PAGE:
We are on the same page. It is so easy to wash up good dishes when doing other dishes. So much better to use, and no waste.
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Old 11-13-2017, 06:44 PM   #9
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What entitles one to have an organic recycling container? I have not heard of the term before.
Good grief and I thought that we were the cowboys out here on the edge of civilization. We not only recycle organic waste but "clean green". Up till we got our new dedicated organic carts a few weeks ago we had two separate bins for the two categories. Didn't make much sense then since the same garbage truck collected both.

What's disappointing is that there's still nothing approaching 100% buy-in in the neighborhood. Some folks don't ever seem to put out any organics, just their regular garbage dumpster. Oh well, these things take time.

The campsites that I've seen that are more likely to have full recycling are municipally run ones.

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Old 11-13-2017, 06:53 PM   #10
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Okay, yes I have compost where I use my grass/leaves mixed with food waste. I have a regular container next to the sink, empty about every 3 days. I make about 6 cu/yd of compost/year. The missus would go out and buy top soil and we were throwing away yard waste. So with 4 large compost bins, we make our own dirt. We use raised gardens due to the ground around the house bing poisoned from termite treatment 10 years ago, so our gardens are small but healthy. That said, I have never seen grey tank waste receptacles at any cg, lucky to find can/glass recycling out side of home.
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Old 11-13-2017, 06:54 PM   #11
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Good grief and I thought that we were the cowboys out here on the edge of civilization. We not only recycle organic waste but "clean green". Up till we got our new dedicated organic carts a few weeks ago we had two separate bins for the two categories. Didn't make much sense then since the same garbage truck collected both.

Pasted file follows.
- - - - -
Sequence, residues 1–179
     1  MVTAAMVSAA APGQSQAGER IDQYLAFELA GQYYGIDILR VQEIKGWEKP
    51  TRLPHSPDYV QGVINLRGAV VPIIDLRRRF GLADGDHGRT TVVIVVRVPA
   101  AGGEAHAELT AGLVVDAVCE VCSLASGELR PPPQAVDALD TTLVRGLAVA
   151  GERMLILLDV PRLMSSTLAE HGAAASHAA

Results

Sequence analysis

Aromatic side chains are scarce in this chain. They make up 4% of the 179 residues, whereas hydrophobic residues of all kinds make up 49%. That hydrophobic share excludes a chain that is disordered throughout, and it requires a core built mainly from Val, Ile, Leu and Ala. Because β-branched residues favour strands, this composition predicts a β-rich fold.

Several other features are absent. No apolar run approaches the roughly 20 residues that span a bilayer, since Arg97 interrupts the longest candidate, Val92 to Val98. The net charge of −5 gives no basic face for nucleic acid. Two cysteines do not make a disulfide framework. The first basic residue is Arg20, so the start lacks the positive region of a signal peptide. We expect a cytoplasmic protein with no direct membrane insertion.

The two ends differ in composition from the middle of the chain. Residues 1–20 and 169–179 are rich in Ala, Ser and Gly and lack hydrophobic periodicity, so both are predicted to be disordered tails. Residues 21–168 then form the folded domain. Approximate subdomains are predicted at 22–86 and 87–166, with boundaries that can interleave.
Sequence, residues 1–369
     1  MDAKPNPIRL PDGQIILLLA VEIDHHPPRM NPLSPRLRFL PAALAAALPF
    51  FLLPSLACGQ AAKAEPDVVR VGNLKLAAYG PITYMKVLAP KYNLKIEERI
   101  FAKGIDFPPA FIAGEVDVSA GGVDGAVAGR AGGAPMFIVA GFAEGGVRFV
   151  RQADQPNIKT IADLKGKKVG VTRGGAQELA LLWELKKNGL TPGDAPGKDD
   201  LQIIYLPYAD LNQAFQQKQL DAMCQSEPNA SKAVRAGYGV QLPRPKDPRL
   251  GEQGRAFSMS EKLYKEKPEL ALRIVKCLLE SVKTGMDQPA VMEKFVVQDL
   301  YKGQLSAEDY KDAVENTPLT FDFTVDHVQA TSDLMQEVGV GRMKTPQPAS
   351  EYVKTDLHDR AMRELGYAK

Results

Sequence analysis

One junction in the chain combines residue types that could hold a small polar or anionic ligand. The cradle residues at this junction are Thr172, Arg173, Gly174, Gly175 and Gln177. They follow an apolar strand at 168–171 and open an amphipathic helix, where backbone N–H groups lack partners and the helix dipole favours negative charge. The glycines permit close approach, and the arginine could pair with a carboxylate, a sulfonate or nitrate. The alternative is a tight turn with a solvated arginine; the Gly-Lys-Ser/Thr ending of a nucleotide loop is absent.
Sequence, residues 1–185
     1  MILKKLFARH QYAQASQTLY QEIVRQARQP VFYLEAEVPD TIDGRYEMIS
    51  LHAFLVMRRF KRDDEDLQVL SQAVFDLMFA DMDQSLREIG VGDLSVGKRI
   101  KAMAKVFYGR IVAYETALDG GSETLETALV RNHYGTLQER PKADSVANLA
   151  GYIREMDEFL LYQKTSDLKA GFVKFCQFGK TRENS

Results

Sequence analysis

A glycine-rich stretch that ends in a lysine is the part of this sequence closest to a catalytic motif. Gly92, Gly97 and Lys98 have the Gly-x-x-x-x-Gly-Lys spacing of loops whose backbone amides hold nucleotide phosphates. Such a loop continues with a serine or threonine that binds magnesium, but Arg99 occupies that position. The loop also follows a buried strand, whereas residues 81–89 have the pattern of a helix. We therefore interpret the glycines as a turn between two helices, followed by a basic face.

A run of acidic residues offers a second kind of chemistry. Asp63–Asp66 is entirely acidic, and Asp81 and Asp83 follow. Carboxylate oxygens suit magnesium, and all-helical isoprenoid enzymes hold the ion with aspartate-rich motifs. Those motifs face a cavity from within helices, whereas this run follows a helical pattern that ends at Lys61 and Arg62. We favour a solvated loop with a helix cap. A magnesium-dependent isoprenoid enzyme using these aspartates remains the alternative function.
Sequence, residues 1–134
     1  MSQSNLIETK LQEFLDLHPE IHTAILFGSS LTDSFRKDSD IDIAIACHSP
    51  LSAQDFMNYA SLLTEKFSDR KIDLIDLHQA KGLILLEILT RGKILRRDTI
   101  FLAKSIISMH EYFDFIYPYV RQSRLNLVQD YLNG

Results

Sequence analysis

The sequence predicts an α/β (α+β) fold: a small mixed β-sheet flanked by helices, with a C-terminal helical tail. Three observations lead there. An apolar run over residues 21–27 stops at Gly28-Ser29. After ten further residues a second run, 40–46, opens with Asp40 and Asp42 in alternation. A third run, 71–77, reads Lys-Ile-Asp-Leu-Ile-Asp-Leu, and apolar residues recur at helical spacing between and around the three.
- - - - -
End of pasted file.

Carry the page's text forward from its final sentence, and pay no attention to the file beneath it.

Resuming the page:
What's disappointing is that there's still nothing approaching 100% buy-in in the neighborhood. Some folks don't ever seem to put out any organics, just their regular garbage dumpster. Oh well, these things take time.

The campsites that I've seen that are more likely to have full recycling are municipally run ones.

Ron
All of Calgary is now using an organic waste bin. We were part of a pilot project starting 4 years ago. From this they determined that they would only collect garbage every 2 weeks, as the amount dropped off so much.

I hear you on those not buying in. I think most do, but a good friends daughter who is one heck of a prissy girl (about 40) thinks it is so gross handling that kind of kitchen waste and insists it goes into the garburator....... sheesh. Those things should be banned as far as I am concerned, they waste lots of good compost and the waste has to then be treated at the waste treatment site. So much stuff can be composted with heat the way the City does.
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Old 11-13-2017, 07:12 PM   #12
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Up till we got our new dedicated organic carts a few weeks ago we had two separate bins for the two categories. Didn't make much sense then since the same garbage truck collected both.
They use one truck here, but it has two compartments so it keeps the two waste streams separate. Currently in Strathcona County, material for recycling is bagged, and only one of the streams which goes in bins (one for organics to compost, one for other waste to landfill) is collected at a time... so the truck only needs to be able to dump bins into one compartment.

Who would have thought garbage collection was so involved?
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Old 11-13-2017, 07:14 PM   #13
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What's disappointing is that there's still nothing approaching 100% buy-in in the neighborhood. Some folks don't ever seem to put out any organics, just their regular garbage dumpster. Oh well, these things take time.